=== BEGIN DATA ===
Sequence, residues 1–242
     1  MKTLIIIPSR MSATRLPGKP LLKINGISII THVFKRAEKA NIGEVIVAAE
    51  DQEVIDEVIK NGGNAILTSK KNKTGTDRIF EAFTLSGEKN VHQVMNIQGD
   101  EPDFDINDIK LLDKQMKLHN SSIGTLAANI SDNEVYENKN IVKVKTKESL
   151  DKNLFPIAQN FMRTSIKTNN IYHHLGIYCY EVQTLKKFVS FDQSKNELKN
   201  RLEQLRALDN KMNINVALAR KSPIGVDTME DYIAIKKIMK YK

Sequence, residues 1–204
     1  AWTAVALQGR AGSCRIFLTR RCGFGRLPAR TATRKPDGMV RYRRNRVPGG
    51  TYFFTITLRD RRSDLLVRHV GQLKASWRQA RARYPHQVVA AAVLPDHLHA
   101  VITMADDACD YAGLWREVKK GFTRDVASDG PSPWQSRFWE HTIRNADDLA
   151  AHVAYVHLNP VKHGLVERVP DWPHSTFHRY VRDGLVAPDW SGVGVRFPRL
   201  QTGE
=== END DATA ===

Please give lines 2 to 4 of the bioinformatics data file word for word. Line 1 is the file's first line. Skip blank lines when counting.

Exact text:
     1  MKTLIIIPSR MSATRLPGKP LLKINGISII THVFKRAEKA NIGEVIVAAE
    51  DQEVIDEVIK NGGNAILTSK KNKTGTDRIF EAFTLSGEKN VHQVMNIQGD
   101  EPDFDINDIK LLDKQMKLHN SSIGTLAANI SDNEVYENKN IVKVKTKESL